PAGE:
HealthDay News – Single and married men are more likely to see a doctor regularly compared with those living with a unmarried partner, according to researchers.
“Previous research has demonstrated that married men are more likely than not-married men to seek preventive health care services because their spouses encourage them to do so. It was not known, however, whether cohabiting partners of not-married men play a health-promoting role similar to that of spouses,” wrote Stephen J. Blumberg, PhD, and colleagues, in a NCHS Data Brief.
About 71% of males reported visiting a doctor in the past year, the researchers found after examining data from a 2011-2012 survey and focusing on three groups of males aged 18 to 64 years: married males living with a spouse, males who living with a partner of either gender, and single males.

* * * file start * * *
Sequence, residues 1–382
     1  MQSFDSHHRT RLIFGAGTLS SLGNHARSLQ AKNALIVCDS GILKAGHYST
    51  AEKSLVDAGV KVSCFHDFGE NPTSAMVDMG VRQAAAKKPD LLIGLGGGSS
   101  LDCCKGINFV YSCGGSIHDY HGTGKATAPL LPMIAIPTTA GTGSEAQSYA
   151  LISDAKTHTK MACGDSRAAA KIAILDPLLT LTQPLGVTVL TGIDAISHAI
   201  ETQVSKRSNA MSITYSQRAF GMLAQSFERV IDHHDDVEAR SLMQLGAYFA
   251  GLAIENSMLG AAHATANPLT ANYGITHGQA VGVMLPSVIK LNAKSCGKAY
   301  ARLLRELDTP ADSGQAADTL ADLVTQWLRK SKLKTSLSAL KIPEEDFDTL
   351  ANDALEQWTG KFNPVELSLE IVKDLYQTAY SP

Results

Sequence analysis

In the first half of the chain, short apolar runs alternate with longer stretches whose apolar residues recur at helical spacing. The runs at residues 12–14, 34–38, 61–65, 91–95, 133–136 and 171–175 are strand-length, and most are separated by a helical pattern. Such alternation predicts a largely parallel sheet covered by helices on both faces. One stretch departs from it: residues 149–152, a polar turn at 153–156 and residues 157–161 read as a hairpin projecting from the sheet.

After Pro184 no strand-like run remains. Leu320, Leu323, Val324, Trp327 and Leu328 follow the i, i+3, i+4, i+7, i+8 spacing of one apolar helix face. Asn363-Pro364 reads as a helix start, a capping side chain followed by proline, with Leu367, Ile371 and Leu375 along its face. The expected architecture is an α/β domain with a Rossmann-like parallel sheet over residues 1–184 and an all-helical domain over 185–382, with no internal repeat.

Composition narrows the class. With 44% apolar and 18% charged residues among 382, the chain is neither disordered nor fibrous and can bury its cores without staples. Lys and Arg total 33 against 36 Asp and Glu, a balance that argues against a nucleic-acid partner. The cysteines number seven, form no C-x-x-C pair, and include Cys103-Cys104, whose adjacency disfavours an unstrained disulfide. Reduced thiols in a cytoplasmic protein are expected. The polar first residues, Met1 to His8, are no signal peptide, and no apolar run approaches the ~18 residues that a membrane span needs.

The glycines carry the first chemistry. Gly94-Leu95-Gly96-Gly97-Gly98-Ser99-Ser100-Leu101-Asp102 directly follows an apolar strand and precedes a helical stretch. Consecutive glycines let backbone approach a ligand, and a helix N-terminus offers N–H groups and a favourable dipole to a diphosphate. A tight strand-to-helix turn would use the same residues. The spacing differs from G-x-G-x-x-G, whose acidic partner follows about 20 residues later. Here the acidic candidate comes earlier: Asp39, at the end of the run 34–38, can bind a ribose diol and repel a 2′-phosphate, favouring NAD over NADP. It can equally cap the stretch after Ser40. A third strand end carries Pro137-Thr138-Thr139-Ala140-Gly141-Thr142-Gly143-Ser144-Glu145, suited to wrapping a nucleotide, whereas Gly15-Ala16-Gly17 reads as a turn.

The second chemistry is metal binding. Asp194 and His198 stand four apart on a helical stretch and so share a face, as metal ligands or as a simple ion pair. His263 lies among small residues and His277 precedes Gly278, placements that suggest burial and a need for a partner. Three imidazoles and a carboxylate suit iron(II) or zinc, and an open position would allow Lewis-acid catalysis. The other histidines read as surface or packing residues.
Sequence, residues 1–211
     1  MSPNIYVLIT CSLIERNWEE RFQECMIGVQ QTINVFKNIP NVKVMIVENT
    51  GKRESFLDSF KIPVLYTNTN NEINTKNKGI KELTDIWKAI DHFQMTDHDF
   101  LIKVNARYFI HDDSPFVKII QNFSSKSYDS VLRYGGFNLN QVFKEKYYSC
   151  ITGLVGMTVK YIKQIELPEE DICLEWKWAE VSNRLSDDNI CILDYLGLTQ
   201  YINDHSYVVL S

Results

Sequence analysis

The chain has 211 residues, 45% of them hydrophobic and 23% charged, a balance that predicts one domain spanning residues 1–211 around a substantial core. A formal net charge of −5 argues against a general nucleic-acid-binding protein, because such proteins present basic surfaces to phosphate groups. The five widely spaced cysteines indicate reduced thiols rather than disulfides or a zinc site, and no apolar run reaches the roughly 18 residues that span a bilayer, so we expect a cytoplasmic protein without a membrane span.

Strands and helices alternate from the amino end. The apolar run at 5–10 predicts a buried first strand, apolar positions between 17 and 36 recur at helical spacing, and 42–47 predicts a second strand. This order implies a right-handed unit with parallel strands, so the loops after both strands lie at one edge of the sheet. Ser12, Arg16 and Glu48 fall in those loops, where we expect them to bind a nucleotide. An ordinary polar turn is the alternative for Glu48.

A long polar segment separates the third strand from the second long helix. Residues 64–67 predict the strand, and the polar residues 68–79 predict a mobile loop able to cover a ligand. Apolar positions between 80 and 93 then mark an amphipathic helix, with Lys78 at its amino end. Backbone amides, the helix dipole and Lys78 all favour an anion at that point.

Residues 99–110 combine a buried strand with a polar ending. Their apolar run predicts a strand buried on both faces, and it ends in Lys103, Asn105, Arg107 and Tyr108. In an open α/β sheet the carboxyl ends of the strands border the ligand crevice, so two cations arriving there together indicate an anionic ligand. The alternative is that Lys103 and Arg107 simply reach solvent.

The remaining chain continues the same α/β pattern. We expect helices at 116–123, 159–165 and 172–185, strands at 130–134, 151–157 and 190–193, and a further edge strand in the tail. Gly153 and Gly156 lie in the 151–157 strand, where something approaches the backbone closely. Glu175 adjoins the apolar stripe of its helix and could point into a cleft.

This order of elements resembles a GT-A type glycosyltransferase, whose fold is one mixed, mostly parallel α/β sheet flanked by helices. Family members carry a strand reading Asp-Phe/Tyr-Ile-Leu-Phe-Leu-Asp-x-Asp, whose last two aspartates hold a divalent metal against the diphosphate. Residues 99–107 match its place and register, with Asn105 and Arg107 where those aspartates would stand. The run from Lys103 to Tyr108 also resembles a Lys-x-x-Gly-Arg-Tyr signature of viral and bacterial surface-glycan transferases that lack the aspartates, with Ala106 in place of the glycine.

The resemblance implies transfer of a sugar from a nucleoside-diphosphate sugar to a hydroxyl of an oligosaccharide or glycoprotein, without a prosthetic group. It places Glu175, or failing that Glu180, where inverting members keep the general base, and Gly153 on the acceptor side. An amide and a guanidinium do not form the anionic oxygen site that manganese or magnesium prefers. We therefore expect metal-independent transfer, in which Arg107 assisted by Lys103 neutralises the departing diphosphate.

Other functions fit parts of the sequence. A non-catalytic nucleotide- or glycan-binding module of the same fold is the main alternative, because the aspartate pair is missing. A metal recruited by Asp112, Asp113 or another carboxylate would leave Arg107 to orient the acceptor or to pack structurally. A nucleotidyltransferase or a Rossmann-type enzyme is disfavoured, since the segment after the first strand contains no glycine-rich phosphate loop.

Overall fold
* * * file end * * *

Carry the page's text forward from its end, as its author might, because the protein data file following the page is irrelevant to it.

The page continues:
When insurance was taken into account, more than 80% of insured married males had seen a doctor within the past 12 months compared with three-quarters of single males and 71% of cohabitating men, according to the inspectors. About 50% of cohabitating males had undergone recommended cholesterol and diabetes screenings in the past 12 months.
“Cohabiting men are a group particularly at risk of not receiving clinical preventive services recommended by the United States Preventive Services Task Force,” wrote the agency.